But my parents weren’t done breaking down barriers. They wanted to start their own family. Many people told them it was impossible; biologically, it takes a mom and dad. Well, obviously, the naysayers were wrong about that too.
After discussing the matter with an acquaintance who happened to be a doctor, they learned that an idea that seemed far-fetched in the eyes of others was indeed feasible. “We asked him if we could have access to insemination, and the answer was yes,” says Louise. Louise and Josée embark on their new adventure, and a few months later Louise found out she was pregnant. The same pre-coming out doubts resurfaced: “What are the others going to say? What are Mom and Dad going to think?”
One evening, they went to dinner with Louise’s parents to tell them the news. After they finished eating, it was time for the big announcement. And then… not a sound. How could their daughter be pregnant when she was dating a girl? Louise and Josée needed to explain how medical insemination works. My grandparents were overjoyed with the news after learning the explanation. Soon, they would welcome another grandchild into the family.
A few months later, Louise’s oldest sister called my mother to tell her that a celebration would be held for their parents. My grandparents had been named ‘parents of the year’ in Mont-Laurier. It was going to be a special event, and every one of their children had to be present with their spouse and their own children — this time, no more hiding. Josée and Louise, whose belly was so prominently, mistakably pregnant, walked hand in hand in front of a crowd of people. To everyone’s surprise, the applause was intense as my mothers passed by. It was a relief and a milestone for my grandparents. After the ceremony, some people came to see them saying “One of your twins loves women? Well, me too!” And another one exclaimed “My nephew loves a man too,” explained Louise. Suddenly my parents were no longer alone, and neither were my grandparents. Others, like them, had relationships hidden from the eyes of others.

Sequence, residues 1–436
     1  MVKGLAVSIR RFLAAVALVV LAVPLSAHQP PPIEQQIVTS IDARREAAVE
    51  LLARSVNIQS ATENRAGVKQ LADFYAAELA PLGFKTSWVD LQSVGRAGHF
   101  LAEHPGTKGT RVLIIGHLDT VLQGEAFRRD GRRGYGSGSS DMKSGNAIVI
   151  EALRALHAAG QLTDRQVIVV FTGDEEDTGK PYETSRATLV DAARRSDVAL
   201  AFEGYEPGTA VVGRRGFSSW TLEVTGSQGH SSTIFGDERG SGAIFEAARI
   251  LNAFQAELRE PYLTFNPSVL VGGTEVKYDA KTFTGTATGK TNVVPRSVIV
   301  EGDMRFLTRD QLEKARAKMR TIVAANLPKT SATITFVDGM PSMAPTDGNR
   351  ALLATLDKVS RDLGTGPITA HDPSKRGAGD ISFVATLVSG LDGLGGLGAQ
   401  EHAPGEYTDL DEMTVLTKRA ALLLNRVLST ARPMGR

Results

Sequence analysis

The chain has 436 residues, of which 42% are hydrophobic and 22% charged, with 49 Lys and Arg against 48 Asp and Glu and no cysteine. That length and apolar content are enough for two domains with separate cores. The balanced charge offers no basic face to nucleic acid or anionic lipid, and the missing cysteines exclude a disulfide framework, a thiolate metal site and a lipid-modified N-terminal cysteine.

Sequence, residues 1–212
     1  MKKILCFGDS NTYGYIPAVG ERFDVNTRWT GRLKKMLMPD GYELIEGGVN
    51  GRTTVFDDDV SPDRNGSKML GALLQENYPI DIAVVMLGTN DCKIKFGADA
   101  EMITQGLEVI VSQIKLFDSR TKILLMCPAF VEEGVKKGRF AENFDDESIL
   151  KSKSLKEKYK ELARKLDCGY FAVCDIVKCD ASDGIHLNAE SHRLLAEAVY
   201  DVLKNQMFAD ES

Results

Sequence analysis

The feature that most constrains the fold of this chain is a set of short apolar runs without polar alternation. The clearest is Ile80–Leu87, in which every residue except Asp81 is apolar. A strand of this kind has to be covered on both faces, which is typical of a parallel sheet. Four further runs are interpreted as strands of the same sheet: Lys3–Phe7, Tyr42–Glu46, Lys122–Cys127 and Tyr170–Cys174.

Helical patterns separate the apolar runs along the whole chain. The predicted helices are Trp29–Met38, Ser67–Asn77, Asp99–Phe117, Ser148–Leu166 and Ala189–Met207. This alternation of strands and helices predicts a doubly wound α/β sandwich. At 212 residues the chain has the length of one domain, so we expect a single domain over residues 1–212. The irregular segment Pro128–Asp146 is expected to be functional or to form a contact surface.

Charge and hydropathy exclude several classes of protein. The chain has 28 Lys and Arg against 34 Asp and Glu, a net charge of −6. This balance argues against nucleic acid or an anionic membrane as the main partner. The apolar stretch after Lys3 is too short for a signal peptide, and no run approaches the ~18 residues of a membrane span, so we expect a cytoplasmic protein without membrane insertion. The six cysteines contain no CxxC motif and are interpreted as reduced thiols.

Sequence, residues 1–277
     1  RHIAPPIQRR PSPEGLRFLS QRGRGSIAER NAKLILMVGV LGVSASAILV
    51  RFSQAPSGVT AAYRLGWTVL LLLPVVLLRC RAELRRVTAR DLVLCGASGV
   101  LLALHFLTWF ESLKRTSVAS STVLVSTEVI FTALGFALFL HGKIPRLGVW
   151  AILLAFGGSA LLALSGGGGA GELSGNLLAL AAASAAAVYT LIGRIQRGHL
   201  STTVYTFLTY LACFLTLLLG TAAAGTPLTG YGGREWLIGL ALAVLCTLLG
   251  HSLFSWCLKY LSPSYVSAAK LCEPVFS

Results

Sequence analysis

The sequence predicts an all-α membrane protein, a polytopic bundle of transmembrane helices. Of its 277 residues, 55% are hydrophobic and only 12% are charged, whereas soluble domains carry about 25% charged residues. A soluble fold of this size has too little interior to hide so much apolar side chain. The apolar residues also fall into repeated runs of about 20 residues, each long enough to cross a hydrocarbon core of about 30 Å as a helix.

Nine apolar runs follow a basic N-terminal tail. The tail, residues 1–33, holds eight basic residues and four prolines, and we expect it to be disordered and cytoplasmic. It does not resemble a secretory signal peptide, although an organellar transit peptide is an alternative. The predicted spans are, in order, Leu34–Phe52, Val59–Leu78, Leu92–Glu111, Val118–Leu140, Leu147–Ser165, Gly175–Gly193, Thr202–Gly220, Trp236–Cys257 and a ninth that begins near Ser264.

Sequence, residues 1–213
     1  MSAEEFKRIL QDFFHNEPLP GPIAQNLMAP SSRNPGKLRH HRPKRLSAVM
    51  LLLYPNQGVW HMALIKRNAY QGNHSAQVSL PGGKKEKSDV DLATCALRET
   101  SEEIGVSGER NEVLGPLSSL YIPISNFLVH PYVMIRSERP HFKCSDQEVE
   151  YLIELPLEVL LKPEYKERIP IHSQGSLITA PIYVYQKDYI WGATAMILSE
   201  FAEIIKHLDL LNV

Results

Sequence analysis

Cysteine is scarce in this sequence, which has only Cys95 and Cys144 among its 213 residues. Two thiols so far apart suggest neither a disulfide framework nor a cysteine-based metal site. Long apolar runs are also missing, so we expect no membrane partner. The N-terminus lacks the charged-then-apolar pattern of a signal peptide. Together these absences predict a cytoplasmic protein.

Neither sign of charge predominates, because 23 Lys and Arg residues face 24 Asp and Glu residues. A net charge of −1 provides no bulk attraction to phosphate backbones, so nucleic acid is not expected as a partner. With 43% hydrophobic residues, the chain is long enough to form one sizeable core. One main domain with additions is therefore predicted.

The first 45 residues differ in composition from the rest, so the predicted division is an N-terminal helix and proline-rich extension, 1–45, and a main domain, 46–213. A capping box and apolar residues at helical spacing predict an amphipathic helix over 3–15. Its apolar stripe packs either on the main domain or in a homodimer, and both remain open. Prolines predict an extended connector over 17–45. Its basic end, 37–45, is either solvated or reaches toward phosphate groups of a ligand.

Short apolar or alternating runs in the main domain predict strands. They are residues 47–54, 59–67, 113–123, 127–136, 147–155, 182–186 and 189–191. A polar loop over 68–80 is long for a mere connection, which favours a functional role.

Not very long after this joyful event, I saw my first light. I was born into a family where the parents are two mothers, and if you’re not convinced yet, let me tell you straight up that I am doing very well! I was fortunate to be surrounded by a loving family, who today accept each other for who they really are.
Certainly, since the beginning of my parents’ love story, the opinion of Canadian society has changed a lot. The evolution of views and social mores has led to the development of new laws. Welcome laws they are indeed, and the only thing to regret is that most of them are quite recent and that it took so long to implement in them in the first place.
You may be surprised to learn that it was not until 1990 that homosexuality was taken off the list of mental illnesses by the World Health Organization. In 2002, adoption by a same-sex couple became legal in Quebec. In B.C., things happened a bit more quickly and adoption for same-sex parents was legalized in 1996. And it wasn’t until 2005 that marriage became legal for same-sex couples in Canada. My parents had already been together for 24 years at the time!
Louise believes that coming out is still very difficult for some people today. Depending on a person’s personality and the openness of parents, family and friends, the fear of being judged or even of disappointing remains present.
So what can we do to de-stigmatize homosexuality? I sincerely believe that it is by discussing it openly as I do through this story. It is also by having better representation of the diversity to be found across our society in Canada. We as a country may be at a moment not altogether different than the moment when my whole family — my parents in particular — were nervous about walking down the aisle at the Parents of the Year celebration for my grandparents. Canada as whole, I’m certain, need not be nervous. After the ceremony was over, my grandmother was pleasantly surprised by the number of open-minded people she met that day. Suddenly they weren’t alone anymore. Suddenly, diversity was all around them. They learned and evolved. This is the path our country has begun to take, is in the process of taking, and must continue to take if Canada is to match up to the ideals it espouses for itself. It has to happen everywhere: in big cities like Toronto and Calgary. In small towns like Mont-Laurier and in Invermere. And in all the places in between.
The more we do to include diversity in our lives, in our media, in television shows, in politics, everywhere, the more people get the opportunity to learn and a chance to open their minds.
My same-sex parents do not blame their extended families who once opposed their relationships, nor do they blame those who thought it was unhealthy to have a family with two mothers, or two fathers. Why? Those people simply did not understand what they rejected. The unknown is scary. But we can move past scary. That’s what makes humans so awesome, our ability to learn from experiences and evolve. We are opening up to new possibilities and learn about many wonderful new realities.